According to industry experts Geode’s demise was inevitable because the chip, in its current form at least, is too old for further development and AMD is certainly not in its best shape right now for a significant R&D investment to rival Intel and ARM in the embedded market. Indeed, the chipmaker will be better off focusing its efforts on the recently announced Neo processor, which is a part of the current Yukon mobile platform for lower cost thin and light notebooks.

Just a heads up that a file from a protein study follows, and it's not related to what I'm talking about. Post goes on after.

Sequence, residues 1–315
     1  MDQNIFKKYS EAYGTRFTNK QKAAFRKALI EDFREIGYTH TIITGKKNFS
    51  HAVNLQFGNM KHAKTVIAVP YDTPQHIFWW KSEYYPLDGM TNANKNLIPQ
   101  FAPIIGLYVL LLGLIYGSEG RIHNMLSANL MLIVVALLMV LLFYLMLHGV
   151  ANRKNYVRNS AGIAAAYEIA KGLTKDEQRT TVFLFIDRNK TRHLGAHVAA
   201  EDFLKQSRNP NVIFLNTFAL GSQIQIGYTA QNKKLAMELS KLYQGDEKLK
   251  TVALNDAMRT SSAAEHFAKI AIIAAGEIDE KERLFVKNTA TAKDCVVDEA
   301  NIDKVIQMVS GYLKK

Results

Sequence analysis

AMD still says it plans to make this “very successful” processor available as long as there’s a market demand for it, though that shouldn’t be too long, and without an updated version of the Geode the OLPC will probably turn to another vendor to build its next-generation XO-2.
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